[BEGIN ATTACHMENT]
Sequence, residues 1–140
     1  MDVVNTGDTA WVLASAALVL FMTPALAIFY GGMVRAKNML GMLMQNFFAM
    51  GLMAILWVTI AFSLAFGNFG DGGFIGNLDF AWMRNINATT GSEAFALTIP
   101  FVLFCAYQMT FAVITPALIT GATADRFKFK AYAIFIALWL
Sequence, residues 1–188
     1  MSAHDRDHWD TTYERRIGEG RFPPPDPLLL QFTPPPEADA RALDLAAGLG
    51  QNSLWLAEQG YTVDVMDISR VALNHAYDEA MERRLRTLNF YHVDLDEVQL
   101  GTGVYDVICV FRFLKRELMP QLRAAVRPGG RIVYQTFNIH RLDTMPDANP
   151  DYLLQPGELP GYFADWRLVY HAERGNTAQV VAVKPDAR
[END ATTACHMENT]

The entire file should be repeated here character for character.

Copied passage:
Sequence, residues 1–140
     1  MDVVNTGDTA WVLASAALVL FMTPALAIFY GGMVRAKNML GMLMQNFFAM
    51  GLMAILWVTI AFSLAFGNFG DGGFIGNLDF AWMRNINATT GSEAFALTIP
   101  FVLFCAYQMT FAVITPALIT GATADRFKFK AYAIFIALWL
Sequence, residues 1–188
     1  MSAHDRDHWD TTYERRIGEG RFPPPDPLLL QFTPPPEADA RALDLAAGLG
    51  QNSLWLAEQG YTVDVMDISR VALNHAYDEA MERRLRTLNF YHVDLDEVQL
   101  GTGVYDVICV FRFLKRELMP QLRAAVRPGG RIVYQTFNIH RLDTMPDANP
   151  DYLLQPGELP GYFADWRLVY HAERGNTAQV VAVKPDAR